What about storage tanks?
Storage tanks come in many types and sizes. Their purpose is to provide a larger supply of water from which to draw. In addition, they ease the burden on the submersible, since it can be controlled to fill the tank at a different time, or during a longer period, than when the water is being used. For instance, with a marginal well, where the well’s output is insufficient to meet peak demand, a storage tank can be filled steadily at a slow rate, and the water withdrawn from storage at a high rate when needed. This strategy maximizes the water production of the well. Another benefit is that stored water is available should the well be disabled for any reason. And, if necessary, water can be delivered from an outside source and stored in the tank.
Storage tanks are occasionally placed at a high elevation. The submersible pump fills the tank, and gravity alone provides water pressure for the house. For example, if the storage tank is 100 feet higher than the house, then the water pressure at the house will be about 43 pounds per square inch (PSI). Since most properties don’t have a sufficiently elevated tank location, the water pressure is instead provided by a separate pressure (jet) pump. The submersible pump fills the storage tank (controlled by a liquid level control in the tank), and the pressure pump (controlled by a pressure switch) fills the pressure tank.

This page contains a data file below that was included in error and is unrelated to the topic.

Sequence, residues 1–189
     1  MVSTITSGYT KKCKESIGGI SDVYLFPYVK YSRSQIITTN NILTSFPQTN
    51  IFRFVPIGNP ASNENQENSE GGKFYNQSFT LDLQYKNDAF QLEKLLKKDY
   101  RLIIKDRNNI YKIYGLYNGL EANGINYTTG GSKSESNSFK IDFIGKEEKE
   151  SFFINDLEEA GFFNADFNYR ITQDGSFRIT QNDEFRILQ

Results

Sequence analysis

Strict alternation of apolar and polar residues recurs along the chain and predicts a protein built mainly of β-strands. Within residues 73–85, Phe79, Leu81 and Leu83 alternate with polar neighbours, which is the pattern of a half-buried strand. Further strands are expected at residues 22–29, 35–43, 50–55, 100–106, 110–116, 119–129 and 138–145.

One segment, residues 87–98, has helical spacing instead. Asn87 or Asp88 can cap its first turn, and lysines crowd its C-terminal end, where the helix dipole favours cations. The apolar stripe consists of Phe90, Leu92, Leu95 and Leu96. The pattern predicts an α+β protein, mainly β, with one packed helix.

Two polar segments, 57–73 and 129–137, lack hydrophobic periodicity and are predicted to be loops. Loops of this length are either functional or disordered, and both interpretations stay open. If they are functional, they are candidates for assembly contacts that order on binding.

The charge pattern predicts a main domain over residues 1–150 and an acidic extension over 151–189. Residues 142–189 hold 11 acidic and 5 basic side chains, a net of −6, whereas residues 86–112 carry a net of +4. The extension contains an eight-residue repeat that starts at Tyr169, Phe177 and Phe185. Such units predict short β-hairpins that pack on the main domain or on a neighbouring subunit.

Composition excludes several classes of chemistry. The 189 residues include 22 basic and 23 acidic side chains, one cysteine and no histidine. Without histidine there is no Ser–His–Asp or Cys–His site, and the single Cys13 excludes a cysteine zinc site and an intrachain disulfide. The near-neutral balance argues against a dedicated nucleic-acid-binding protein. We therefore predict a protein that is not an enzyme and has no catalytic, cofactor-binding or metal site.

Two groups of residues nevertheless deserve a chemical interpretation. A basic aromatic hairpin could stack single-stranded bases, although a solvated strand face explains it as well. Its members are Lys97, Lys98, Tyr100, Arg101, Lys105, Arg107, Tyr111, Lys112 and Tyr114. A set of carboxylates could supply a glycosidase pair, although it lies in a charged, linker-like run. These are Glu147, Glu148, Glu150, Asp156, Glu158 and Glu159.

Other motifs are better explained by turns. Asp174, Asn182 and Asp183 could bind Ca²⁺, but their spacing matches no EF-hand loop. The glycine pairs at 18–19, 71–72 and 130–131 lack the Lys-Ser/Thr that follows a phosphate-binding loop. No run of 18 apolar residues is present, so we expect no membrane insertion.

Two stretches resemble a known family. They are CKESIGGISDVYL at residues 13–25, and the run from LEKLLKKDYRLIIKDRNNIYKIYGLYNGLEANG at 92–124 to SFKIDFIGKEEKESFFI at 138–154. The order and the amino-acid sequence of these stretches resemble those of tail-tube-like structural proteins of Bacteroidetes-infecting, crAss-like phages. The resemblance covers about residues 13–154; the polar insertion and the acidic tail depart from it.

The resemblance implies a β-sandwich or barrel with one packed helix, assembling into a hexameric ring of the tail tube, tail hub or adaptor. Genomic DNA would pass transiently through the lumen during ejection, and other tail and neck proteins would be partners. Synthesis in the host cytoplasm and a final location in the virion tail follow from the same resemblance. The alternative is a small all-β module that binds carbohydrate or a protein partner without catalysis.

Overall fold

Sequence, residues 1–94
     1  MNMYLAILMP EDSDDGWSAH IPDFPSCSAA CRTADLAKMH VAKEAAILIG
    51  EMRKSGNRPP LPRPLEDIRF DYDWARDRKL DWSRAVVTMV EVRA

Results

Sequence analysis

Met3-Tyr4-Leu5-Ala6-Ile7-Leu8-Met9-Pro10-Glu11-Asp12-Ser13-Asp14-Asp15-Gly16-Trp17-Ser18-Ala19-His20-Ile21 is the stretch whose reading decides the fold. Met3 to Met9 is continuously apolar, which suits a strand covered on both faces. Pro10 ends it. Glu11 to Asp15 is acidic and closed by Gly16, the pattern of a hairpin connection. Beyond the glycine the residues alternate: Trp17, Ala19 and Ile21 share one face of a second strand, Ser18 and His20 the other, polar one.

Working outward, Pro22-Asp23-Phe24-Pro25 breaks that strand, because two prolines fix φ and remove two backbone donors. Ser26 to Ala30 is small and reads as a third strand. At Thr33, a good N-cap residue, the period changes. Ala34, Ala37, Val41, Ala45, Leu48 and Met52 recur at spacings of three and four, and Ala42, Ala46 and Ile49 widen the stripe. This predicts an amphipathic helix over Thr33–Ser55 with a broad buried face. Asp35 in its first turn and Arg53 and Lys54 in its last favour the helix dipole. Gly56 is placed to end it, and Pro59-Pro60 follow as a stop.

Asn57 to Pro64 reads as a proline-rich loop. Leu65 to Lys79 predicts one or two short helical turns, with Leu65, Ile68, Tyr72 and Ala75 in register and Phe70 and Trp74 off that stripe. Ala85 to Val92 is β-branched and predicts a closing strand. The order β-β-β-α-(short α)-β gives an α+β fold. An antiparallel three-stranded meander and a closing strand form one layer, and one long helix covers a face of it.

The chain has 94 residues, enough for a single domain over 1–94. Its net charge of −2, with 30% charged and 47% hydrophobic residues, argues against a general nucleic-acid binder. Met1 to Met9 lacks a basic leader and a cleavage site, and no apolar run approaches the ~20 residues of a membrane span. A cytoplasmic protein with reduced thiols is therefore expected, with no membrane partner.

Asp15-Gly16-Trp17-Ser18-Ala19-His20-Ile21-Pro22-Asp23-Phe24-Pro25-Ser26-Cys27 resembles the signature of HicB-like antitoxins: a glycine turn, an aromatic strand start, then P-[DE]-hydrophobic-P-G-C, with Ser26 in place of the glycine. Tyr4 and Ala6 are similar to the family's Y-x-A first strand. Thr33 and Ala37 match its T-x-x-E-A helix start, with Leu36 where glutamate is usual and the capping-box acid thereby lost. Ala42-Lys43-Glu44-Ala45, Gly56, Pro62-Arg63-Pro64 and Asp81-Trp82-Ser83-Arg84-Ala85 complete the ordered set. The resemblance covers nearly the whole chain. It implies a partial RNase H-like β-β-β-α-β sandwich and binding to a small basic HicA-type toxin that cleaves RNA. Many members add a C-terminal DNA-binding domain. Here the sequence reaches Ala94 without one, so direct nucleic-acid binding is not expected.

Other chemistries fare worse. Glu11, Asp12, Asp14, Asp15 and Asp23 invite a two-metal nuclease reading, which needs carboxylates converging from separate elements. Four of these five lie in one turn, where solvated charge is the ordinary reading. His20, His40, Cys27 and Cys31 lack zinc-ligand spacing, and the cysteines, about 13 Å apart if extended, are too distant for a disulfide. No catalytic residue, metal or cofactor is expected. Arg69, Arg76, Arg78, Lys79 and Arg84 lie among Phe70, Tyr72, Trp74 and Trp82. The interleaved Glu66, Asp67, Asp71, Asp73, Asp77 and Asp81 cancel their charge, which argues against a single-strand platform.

Storage tanks in this area are often plastic, above-ground models. Popular sizes are 1500 and 2500 gallons. These units are long-lasting, relatively inexpensive, and easy to transport to difficult locations. They require about an eight foot diameter space, which need only be flat and rock free. Buried tanks are also available.
How does the well pump know when the tank is full?
A liquid level control turns the well pump on and off. These are usually automatic, float-type switches installed inside the storage tank. When the level of water in the tank drops below the desired setting, the float switch operates an electrical relay switch to turn on the submersible pump. Once the tank is full again, the system shuts off the pump.
I'll be using a generator during construction of my home, can I use it to power the well temporarily?